There was a striking contrast between the condition of the sacred enclosure now and when I last visited it. Tombstones, monuments and ornamental fences were upturned and broken; graves were ruthlessly trampled upon by the horses and men and cut up by the heavy wheels of the artillery, and the shot and shell from the enemy's guns had plowed great furrows in the ground. Comparative quiet prevailed along the line when I reached the cemetery and continued for some minuets after, but in this case it was truly the "clam that precedes the storm," for not long after there broke from the rebel position on Seminary Hill, the awful thunder from more than one hundred cannon. The shot and shell shrieking and whizzing through the air fell crashing on every side. Then followed that grand charge of Pickett's Division of Confederates which has challenged the admiration of the world for its heroic daring and tenacity of purpose which will live in history as one of the most wonderful and sublime assaults ever made by soldiers of any country. But it is not my purpose to attempt the description of this or any other battle, but to relate personal reminiscences and incidents.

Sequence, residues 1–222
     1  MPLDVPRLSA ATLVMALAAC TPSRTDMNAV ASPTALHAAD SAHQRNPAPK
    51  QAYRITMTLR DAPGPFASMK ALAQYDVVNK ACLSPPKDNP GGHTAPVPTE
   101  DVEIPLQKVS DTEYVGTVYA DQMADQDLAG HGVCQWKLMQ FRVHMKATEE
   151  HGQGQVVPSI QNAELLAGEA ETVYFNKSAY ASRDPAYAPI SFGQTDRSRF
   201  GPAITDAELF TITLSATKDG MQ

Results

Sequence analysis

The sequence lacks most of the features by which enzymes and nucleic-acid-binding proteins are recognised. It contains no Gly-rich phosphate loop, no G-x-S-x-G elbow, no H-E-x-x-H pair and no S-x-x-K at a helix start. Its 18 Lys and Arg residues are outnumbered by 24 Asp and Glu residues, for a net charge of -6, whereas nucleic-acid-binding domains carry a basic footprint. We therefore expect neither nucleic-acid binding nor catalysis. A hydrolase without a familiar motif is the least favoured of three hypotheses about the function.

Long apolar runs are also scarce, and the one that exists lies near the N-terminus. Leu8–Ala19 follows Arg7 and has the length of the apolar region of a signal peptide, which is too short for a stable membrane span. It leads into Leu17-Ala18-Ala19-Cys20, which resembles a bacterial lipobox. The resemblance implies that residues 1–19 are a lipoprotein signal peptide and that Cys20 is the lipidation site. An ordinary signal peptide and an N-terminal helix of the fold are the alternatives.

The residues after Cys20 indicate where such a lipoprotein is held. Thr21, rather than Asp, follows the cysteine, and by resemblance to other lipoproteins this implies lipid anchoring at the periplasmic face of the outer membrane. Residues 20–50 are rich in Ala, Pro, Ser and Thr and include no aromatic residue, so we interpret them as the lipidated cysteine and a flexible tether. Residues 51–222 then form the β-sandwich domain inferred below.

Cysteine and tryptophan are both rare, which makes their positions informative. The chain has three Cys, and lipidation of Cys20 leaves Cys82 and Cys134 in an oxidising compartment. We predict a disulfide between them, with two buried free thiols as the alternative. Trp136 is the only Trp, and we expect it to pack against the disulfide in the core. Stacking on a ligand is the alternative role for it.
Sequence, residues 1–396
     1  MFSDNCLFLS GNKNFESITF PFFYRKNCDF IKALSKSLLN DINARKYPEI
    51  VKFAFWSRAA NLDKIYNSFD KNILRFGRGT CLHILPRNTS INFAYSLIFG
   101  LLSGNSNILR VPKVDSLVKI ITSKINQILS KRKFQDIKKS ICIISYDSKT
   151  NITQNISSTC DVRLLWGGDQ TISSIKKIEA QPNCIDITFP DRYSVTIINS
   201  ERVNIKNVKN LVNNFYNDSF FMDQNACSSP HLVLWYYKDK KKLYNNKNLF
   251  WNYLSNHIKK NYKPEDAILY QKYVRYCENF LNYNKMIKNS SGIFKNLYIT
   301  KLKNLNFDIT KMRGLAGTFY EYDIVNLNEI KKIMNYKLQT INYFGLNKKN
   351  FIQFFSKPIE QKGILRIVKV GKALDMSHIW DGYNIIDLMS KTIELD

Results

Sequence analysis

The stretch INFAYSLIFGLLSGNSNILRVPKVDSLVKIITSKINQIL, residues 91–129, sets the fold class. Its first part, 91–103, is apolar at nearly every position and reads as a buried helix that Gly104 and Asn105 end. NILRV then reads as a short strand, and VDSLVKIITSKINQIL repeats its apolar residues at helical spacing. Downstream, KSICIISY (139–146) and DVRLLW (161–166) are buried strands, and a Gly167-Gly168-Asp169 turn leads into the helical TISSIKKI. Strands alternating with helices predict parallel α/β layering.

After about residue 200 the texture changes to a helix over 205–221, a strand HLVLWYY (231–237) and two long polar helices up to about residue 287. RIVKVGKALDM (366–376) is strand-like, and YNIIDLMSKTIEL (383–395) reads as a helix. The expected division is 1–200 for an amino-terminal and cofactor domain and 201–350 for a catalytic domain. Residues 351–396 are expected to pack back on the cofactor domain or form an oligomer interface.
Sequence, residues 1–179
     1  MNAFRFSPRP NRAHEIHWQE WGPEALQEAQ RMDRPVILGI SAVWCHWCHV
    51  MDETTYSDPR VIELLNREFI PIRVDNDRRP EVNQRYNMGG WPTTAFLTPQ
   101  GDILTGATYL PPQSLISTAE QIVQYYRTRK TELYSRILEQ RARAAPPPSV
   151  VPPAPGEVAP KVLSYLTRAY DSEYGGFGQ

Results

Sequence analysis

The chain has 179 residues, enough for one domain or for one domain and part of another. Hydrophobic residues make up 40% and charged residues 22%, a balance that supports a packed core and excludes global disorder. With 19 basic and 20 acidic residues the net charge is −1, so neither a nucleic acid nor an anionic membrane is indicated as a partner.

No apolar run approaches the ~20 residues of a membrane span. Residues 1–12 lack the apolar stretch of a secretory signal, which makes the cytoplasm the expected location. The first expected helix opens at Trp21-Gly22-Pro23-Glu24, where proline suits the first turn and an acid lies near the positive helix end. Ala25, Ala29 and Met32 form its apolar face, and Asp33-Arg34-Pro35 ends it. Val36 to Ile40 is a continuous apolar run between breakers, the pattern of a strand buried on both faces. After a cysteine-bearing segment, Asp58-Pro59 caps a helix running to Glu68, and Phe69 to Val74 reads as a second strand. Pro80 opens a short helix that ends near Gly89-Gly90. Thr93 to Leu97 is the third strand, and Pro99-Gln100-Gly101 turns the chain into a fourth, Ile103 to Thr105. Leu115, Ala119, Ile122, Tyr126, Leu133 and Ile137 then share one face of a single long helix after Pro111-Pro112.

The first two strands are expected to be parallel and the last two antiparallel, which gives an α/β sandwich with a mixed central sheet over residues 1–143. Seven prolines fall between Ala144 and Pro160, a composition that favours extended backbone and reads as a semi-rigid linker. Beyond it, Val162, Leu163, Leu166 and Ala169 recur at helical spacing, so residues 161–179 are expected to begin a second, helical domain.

After witnessing this greatest battle of the war, I returned to my regiment on the right and learned of the severe action between our division and Stuart's command, which was not entirely ceased when I reached there--in which the Confederate cavalry had been beaten in an open field fight by Gregg's Division, assisted by Cutter's Brigade of Kilpatrick's Division.


Next morning Major Avery directed me to take as many men as I needed and go into the county and get food and rations for the regiment. When about two miles out I found a small supply of corn, which I at once had loaded into wagons to be sent into camp. Just about this time a report was circulated among the frightened farmers that Stuart's cavalry was approaching and a general stampede followed. Women laden with clothing, household utensils, chickens, geese, etc., were following in the wake of their lords, who were eagerly crowding forward their livestock out of the reach of the phantom Confederate cavalry. After leaving this place--having sent the corn to camp--I found the country had been stripped of everything in the way of forage and rations for miles by the Confederates, who had been over the ground for that purpose.


When near Littlestown, a thunderstorm coming up late in the afternoon, I took my command into a spacious barn, where I found considerable corn. The storm continuing I concluded, as it was already dark, to remain until morning, and to prevent any possible surprise posted pickets and told the men to make themselves as comfortable as possible. Some of them had already visited the house and purchased some bread and cakes, paying exorbitant prices for them. I was indignant at such treatment and went to the house to remonstrate with the people for making such charges. But I found more Billingsgate than sentiment in their souls and was most soundly berated and was given to understand in broken German that I had "petter mind my pisbness." To get even with the man I refused to give him a receipt for the corn I had taken.